Van Ness Feldman professionals are well versed in the potential legal impacts of climate migration having over 40 years’ experience representing Alaska Native Corporations and others with real estate and land use issues nationwide. See VNF’s Practice: Native Affairs. Van Ness Feldman’s resilience team can assist clients with any and all required disclosures to investors or buyers, insurance, and related purchase and sale transactions, and can assist with the planning, policy development, and funding related to potential relocations. See VNF’s Practice: Real Estate & Land Use.
As the ocean absorbs carbon dioxide (CO2) from the atmosphere, seawater becomes more acidic and the carbonate ions, necessary to build and maintain shells for organisms such as oysters, clams, sea urchins, shallow water corals, deep sea corals, and calcareous plankton, become relatively less abundant.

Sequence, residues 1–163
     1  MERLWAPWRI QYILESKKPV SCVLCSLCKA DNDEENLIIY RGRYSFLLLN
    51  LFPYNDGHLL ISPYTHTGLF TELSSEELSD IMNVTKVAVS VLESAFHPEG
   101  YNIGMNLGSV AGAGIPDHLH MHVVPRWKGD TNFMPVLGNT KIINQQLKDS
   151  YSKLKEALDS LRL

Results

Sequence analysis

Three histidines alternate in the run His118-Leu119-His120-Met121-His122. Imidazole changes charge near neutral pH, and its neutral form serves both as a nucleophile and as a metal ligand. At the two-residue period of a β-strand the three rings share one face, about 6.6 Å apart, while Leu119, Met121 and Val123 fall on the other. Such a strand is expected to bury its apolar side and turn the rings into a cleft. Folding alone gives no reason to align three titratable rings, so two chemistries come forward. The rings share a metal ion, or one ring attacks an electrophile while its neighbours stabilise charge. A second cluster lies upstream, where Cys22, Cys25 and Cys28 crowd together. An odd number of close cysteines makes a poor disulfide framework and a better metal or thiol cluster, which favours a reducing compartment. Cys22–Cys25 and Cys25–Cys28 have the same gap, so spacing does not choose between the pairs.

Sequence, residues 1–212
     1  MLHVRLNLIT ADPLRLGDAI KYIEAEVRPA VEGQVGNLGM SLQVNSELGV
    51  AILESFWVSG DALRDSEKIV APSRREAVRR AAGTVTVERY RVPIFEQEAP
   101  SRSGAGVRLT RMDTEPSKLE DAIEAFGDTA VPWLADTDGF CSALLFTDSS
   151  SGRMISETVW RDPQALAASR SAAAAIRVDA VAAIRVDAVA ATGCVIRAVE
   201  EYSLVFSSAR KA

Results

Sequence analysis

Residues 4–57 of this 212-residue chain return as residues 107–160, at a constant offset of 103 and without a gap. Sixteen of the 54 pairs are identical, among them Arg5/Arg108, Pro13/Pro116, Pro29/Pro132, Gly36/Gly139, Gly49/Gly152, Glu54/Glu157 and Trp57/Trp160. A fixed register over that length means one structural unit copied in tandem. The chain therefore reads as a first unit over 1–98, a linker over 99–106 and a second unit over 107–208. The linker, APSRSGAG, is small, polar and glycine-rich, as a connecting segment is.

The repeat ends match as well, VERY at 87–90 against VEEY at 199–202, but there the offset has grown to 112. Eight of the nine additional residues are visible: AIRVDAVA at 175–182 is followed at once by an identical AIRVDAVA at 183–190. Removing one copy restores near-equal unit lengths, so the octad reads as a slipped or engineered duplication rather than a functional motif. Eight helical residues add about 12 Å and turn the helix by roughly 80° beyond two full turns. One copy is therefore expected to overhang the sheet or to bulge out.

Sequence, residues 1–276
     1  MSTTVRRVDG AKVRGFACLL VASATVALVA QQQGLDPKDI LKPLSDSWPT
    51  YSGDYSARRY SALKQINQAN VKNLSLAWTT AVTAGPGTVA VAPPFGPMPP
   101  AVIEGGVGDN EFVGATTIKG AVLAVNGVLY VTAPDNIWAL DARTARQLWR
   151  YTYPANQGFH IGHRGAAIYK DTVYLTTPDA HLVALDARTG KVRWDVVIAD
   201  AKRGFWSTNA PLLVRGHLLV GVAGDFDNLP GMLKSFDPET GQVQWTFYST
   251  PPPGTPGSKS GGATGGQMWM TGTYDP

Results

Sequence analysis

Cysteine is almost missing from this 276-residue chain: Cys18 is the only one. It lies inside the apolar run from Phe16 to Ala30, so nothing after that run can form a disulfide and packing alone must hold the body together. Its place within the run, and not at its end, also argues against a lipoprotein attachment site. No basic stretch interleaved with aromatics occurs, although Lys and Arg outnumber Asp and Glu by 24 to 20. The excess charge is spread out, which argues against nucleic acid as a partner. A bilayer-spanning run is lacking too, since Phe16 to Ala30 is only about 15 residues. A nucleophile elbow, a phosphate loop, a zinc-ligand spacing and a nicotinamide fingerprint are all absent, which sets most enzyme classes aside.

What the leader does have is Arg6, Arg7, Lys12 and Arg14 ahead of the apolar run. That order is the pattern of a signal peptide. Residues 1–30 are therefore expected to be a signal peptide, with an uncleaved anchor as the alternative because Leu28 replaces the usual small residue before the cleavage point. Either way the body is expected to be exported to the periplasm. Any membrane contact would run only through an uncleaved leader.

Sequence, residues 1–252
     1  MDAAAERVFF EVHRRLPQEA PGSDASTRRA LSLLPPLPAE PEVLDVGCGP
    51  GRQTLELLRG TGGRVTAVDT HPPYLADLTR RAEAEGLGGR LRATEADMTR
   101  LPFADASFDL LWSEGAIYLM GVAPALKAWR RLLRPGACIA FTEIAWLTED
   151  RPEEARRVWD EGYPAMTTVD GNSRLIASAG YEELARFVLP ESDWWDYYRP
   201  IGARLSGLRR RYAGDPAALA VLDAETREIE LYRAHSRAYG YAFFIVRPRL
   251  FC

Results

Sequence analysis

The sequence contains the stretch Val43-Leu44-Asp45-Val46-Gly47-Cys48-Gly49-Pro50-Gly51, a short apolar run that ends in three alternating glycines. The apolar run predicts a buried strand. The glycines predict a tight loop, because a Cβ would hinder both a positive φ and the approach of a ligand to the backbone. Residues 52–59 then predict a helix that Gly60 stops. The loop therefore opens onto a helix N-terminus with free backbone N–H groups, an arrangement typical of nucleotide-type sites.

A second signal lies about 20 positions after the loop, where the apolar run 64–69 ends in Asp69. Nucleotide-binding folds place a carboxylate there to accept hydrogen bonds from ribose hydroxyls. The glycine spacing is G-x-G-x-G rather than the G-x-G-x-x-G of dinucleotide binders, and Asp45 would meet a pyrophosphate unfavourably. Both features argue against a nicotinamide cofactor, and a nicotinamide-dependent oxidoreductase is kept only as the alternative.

With ocean acidification affecting the entire planet’s oceans, including coastal estuaries, and waterways, the ocean science community, resource managers, commercial fishing industry, federal and state policy makers, and the public are now coordinating research.
VNF’s resilience team is able to integrate into client operations to maximize understanding and communication about future policy and funding to mitigation. Van Ness Feldman professionals are particularly sought after to provide representation and assistance in the integration of science and policy as a part of VNF Solutions, LLC. See VNF Solutions.